Figure 17. The Rheintōchter, Das Rheingold (Richard Wagner), Berlin, 1906. Postcard after photograph by Emil Schwalb. TWS.
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Figure 17.

The Rheintōchter, Das Rheingold (Richard Wagner), Berlin, 1906. Postcard after photograph by Emil Schwalb. TWS.

 

Figure 18. The Rheintōchter aloft, winched by stagehands, Das Rheingold (Richard Wagner), Bayreuth, 1930. Photo by Felix H. Man. TWS.
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Figure 18.

The Rheintōchter aloft, winched by stagehands, Das Rheingold (Richard Wagner), Bayreuth, 1930. Photo by Felix H. Man. TWS.

 

Figure 19. The Rheintōchter attract Alberich, Das Rheingold (Richard Wagner), Bucharest, 1908. Unidentified newspaper clipping. TWS.
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Figure 19.

The Rheintōchter attract Alberich, Das Rheingold (Richard Wagner), Bucharest, 1908. Unidentified newspaper clipping. TWS.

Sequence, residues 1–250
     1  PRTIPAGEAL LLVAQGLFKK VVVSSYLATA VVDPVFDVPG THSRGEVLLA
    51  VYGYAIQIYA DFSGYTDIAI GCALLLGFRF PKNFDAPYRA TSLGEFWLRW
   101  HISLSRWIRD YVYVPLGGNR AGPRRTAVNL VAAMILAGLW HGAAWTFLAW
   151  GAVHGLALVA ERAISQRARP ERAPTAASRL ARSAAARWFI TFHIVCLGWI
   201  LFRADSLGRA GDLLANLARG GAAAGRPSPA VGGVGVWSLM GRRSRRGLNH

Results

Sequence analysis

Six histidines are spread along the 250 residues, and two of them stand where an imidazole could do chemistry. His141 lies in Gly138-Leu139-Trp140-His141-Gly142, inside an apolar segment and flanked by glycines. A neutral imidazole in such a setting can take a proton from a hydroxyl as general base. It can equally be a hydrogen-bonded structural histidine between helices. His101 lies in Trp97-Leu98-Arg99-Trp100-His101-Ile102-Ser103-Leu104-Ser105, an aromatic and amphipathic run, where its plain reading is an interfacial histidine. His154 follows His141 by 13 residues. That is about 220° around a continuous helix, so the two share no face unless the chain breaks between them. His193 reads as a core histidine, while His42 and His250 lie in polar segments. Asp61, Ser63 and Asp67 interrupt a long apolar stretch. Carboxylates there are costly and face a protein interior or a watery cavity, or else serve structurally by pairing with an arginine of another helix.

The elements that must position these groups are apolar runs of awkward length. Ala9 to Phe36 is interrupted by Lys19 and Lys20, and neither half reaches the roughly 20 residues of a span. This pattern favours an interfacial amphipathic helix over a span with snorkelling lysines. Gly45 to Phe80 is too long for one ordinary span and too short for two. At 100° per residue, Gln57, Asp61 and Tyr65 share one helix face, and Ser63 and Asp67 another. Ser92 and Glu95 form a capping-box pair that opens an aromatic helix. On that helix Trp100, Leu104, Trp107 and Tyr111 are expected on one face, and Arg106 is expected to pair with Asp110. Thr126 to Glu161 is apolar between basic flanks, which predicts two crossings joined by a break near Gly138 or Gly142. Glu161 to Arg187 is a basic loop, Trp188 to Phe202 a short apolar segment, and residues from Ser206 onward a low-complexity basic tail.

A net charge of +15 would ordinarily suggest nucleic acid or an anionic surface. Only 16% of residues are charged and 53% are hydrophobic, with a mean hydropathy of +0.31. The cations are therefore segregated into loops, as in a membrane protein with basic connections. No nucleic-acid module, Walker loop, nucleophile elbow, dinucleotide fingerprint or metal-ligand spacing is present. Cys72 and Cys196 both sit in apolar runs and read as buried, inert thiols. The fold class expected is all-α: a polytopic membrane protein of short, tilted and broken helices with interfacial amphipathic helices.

Figure 20. Wogelind mocks Alberich, Das Rheingold (Richard Wagner), Bucharest, 1908. Unidentified newspaper clipping. TWS.
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Figure 20.

Wogelind mocks Alberich, Das Rheingold (Richard Wagner), Bucharest, 1908. Unidentified newspaper clipping. TWS.

 

Figure 21. Das Rheingold set, Staattheater Bern. Date unknown. Photograph. TWS.
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Figure 21.

Das Rheingold set, Staattheater Bern. Date unknown. Photograph. TWS.

 

Figure 22. Set design, Johannes Schrōder, Das Rheingold (Richard Wagner), Duisberg/Bochum, 1922. Chalk, kohl, and gouache. TWS G11734a.